George Lopez's new sitcom on FX is called "Saint George," but that doesn't mean he's making any apologies.

Earlier this year, Lopez vowed to be more direct and honest after receiving a mean tweet on Twitter.

"... I got a very negative 'go back to Mexico' tweet,'" the 52-year-old comedian said in a recent interview.

"I'm an American citizen. I responded as I would as myself. Since that day, I decided to be a little more honest with social media. ... I decided to take a little bit more of an aggressive approach. I was losing followers, about 1,000 a week. I was like, 'Why am I losing like a noticeable amount?' Since Super Bowl Sunday ... I'm sure I've gained 55,000 followers."

His new mantra was put to the test recently when he was photographed lying on a casino floor after going on a drinking spree in Ontario, Canada. The photo went viral, and Lopez faced what happened head on — by making a joke.

"Tied one on last night. Not feeling great this morning. "I was trying to sleep it off, unfortunately, it was on the casino floor," he said in a statement issued after the incident.

"I owned it and moved forward and would do what any comedian would do, (which) is to make fun of it and move past it. It really kind of took the air out of it," he says.

"... To give up drinking and have people know holds me accountable. But nobody is gonna hold me more accountable than I hold myself, so a lot of times ... somebody will say, 'Did you have a drink last night?' And you answer or you don't answer, but their assumption of my life isn't as important as the reality of my own life ... I've had enough alcohol really in my life. I don't intend on (drinking), but it is fun to kind of see people's opinions on how I should live my life."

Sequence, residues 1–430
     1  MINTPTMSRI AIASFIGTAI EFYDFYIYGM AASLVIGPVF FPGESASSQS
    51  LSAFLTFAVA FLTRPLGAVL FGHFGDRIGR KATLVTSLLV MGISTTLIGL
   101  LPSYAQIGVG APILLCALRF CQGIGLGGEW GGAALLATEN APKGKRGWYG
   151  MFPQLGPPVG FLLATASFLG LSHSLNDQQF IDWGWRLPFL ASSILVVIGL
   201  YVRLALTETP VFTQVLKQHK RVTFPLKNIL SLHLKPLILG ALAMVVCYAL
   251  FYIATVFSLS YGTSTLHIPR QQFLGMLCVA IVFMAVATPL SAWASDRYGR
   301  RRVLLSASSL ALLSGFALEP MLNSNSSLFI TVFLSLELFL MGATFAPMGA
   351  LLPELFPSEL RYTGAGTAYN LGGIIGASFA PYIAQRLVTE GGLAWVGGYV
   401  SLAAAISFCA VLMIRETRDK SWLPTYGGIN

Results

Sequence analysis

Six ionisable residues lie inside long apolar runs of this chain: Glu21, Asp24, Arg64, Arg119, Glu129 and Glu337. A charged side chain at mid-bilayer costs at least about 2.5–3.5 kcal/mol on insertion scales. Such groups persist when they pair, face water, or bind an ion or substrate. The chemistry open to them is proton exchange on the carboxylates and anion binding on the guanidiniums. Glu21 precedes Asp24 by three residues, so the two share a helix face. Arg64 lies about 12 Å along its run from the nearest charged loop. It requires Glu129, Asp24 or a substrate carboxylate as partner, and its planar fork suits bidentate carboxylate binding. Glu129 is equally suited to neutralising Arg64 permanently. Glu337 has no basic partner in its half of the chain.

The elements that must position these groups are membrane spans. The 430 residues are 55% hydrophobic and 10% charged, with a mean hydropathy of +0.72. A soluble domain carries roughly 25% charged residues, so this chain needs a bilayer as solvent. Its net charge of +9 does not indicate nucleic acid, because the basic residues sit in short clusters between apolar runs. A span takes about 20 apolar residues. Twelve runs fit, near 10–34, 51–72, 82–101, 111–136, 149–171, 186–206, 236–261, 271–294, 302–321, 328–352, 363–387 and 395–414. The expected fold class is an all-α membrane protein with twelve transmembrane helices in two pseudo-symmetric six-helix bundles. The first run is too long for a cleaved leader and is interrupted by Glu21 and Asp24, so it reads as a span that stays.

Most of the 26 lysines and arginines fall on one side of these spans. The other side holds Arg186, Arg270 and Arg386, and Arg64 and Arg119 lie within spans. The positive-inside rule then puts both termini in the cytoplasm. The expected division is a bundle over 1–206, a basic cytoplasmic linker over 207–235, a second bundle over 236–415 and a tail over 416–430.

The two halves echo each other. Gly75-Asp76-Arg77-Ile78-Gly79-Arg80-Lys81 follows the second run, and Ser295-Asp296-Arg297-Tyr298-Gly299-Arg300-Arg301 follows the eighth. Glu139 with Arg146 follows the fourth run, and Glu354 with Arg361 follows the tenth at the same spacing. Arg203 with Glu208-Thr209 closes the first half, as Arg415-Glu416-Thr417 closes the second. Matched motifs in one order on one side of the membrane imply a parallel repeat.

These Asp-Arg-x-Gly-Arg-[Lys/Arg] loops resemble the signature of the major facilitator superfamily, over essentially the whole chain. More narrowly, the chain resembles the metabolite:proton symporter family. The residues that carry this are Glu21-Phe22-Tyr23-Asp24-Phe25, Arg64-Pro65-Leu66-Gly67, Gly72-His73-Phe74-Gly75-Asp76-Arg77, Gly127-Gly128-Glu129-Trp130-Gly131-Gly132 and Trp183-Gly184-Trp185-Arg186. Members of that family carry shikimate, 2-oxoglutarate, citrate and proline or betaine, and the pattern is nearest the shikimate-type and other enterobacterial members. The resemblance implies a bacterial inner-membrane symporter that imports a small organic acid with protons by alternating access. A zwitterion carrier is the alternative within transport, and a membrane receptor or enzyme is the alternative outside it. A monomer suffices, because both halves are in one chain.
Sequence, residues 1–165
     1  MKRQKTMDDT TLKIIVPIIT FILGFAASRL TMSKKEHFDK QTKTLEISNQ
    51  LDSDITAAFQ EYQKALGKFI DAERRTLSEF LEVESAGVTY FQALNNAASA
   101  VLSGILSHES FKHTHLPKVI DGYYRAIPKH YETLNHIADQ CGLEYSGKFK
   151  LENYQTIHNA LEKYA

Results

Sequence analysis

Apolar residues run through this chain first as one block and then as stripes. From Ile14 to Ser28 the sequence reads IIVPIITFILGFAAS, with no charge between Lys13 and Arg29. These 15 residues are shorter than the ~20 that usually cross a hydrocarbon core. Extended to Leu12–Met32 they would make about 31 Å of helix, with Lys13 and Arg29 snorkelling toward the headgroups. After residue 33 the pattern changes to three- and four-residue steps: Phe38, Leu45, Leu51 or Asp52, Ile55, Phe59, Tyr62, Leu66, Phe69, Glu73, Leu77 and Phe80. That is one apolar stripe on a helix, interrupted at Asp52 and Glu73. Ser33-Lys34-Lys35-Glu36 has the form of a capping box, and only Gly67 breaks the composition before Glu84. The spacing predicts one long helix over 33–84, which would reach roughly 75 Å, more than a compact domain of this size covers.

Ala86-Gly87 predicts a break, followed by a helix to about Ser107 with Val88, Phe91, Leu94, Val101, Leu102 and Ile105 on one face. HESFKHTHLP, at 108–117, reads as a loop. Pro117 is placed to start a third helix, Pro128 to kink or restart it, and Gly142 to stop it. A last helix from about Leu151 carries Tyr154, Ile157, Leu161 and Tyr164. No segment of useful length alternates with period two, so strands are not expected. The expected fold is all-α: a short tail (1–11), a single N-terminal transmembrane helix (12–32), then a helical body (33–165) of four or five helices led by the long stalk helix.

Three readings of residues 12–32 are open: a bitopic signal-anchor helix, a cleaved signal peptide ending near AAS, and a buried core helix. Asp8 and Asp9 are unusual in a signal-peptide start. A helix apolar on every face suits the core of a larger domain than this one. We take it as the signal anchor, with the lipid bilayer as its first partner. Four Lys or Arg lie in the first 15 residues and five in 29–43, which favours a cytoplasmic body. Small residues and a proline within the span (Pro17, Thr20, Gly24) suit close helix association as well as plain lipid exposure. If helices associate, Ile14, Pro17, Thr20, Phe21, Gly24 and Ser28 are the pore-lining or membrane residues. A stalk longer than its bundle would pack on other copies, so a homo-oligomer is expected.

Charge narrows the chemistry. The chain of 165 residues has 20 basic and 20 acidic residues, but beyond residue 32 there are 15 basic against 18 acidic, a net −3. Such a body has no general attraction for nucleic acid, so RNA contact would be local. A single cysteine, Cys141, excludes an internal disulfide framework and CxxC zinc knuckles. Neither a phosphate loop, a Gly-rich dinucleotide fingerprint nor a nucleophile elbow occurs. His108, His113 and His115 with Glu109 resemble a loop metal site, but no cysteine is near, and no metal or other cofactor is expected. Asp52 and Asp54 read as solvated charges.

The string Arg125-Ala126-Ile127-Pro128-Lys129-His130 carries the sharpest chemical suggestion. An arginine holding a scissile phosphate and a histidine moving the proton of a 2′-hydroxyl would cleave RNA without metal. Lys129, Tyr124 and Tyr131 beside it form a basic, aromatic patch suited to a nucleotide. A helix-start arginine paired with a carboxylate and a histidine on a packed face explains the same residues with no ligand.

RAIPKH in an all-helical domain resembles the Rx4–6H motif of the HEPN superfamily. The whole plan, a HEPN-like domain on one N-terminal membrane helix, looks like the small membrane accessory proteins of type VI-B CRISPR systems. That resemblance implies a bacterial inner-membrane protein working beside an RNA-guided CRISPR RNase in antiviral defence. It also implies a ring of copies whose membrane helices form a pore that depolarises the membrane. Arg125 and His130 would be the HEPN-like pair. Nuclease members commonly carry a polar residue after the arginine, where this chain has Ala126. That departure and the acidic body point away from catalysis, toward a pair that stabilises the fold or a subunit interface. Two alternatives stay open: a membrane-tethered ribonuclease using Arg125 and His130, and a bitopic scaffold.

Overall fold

Lopez marvels at how people use social media as a way to judge others. "I would not consider myself a judge of someone else's life, and social media gives some people a license to comment on other people's lives. It's fascinating," he says.

On "Saint George" (airing Thursdays, 9 p.m.), Lopez plays a recently divorced successful entrepreneur who's trying to balance a busy life and a demanding family.

"It's more about kind of my life right now," says Lopez, who divorced wife Ann Serrano in 2011. They have one daughter.

Lopez says if ratings hold in the first 10 episodes, the show will get an additional 90-episode order.

"In the 10 episodes, if we hold the number or look like a show that people want to watch, then we'll continue, and if it doesn't, then it won't continue."

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